Addressing interactive HTC workloads with HPC characteristics: introduction to E-CAM’s HTC library



Traditionally high-throughput computing (HTC) workloads are looked down upon in the HPC space, however the scientific use case for extreme-scale resources required by coordinated HTC workflows exists. For such cases where there may be thousands of tasks each requiring peta-scale computing, E-CAM has extended the data-analytics framework Dask with a capable and efficient library to handle such workloads.



The initial motivation for E-CAM’s High Throughput Library, jobqueue_features library [1], is driven by the ensemble-type calculations that are required in many scientific fields, and in particular in the materials science domain. A concrete example is the study of molecular dynamics with atomistic detail, where timesteps must be used on the order of a femto-second. Many problems in biological chemistry and materials science involve events that only spontaneously occur after a millisecond or longer (for example, biomolecular conformational changes). That means that around 1012 time steps would be needed to see a single millisecond-scale event. This is the problem of “rare events” in theoretical and computational chemistry.

Modern supercomputers are beginning to make it possible to obtain trajectories long enough to observe some of these processes, but to fully characterize a transition with proper statistics, many examples are needed. In such cases the same peta-scale application must be run many thousands of times with varying inputs. For this use case, we were conceptually attracted to the Dask philosophy [2]: Dask is a specification that encodes task schedules with minimal incidental complexity using terms common to all Python projects, namely dicts, tuples, and callables.

However, Dask or it’s extensions do not currently support task-level parallelization (in particular multi-node tasks). We have been able to leverage the Dask extension dask_jobqueue [3] and build upon it’s functionality to include support for MPI-enabled task workloads on HPC systems. The resulting approach, described in the rest of this piece, allows for multi-level parallelization (at the task level via MPI, and at the framework level via Dask) while leveraging all of the pre-existing effort within the Dask framework such as scheduling, resilience, data management and resource scaling.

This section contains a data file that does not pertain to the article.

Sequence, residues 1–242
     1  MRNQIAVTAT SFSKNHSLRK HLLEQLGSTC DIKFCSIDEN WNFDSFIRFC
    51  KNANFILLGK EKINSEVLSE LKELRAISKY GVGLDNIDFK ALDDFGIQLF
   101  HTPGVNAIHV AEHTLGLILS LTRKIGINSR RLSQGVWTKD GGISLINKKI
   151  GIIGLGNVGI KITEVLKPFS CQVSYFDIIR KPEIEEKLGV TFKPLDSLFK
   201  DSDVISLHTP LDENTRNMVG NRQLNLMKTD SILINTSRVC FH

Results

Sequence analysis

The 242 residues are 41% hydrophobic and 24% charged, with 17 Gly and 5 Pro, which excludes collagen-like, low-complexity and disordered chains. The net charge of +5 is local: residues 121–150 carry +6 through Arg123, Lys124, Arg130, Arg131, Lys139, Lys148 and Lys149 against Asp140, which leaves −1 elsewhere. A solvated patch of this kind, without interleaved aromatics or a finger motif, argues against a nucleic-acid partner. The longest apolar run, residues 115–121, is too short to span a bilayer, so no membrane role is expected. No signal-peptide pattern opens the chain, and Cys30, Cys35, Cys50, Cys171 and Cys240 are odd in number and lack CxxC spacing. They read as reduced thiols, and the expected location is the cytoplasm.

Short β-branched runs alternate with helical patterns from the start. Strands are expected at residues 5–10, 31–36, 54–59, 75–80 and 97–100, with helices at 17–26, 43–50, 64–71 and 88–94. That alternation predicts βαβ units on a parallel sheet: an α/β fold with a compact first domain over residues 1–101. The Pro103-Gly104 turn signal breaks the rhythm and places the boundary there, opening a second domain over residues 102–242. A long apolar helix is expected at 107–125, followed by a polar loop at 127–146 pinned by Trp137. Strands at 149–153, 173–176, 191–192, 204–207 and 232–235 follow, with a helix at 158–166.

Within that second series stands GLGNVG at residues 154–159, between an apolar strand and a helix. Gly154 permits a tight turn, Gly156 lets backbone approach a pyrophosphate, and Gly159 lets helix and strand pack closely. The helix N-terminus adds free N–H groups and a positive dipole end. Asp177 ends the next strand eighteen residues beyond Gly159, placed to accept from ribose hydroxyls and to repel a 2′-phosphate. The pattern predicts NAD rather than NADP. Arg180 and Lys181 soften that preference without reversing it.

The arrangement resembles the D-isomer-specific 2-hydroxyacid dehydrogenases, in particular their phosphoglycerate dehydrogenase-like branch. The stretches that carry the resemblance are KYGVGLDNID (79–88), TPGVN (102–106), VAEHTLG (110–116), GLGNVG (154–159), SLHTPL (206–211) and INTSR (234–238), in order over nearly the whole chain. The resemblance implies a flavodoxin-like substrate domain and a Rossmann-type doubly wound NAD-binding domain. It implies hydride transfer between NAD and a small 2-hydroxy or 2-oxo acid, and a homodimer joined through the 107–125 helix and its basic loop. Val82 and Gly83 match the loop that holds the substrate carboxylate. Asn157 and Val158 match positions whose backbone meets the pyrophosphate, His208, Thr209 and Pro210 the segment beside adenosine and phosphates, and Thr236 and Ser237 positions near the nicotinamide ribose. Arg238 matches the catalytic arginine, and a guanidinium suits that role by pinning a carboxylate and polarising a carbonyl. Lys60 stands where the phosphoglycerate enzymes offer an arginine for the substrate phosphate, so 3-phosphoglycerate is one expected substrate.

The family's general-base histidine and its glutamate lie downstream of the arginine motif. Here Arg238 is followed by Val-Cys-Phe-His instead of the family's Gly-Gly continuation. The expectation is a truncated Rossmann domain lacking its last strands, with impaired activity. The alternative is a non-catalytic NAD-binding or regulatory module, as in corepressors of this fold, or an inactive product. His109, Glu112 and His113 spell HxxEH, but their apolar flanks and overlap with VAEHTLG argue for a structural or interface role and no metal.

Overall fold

E-CAM’s HTC library was created in collaboration with a PRACE team in Wrocław, and is the subject of an associated white paper [4]. This effort is under continuous improvement and development. A series of dedicated webinars will happen in the fall of 2020, which will be an opportunity for people to learn how to use Dask and dask_jobqueue (to submit Dask workloads on a resource scheduler like SLURM), and to implement our library jobqueue_features in their codes. Announcement and more information will soon be available at



The jobqueue features library [1] is an extension of dask_jobqueue [3] which in turn utilizes the Dask [2] data analytics framework. dask_jobqueue is targeted at deploying Dask on several job queuing systems, such as SLURM or PBS with the use of a Python programming interface. The main enhancements of basic dask_jobqueue functionality is heavily extending the configuration implementation to handle MPI runtimes and different resource specifications. This allows the end-user to conveniently create parallelized tasks without extensive knowledge of the implementation details (e.g., the resource manager or MPI runtime). The library is primarily accessed through a set of Python decorators: on_cluster, task and mpi_task. The on_cluster decorator gets or creates clusters, which in turn submit worker resource allocation requests to the scheduler to execute tasks. The mpi_task decorator derives from task and enhances it with MPI specific settings (e.g. the MPI runtime and related settings).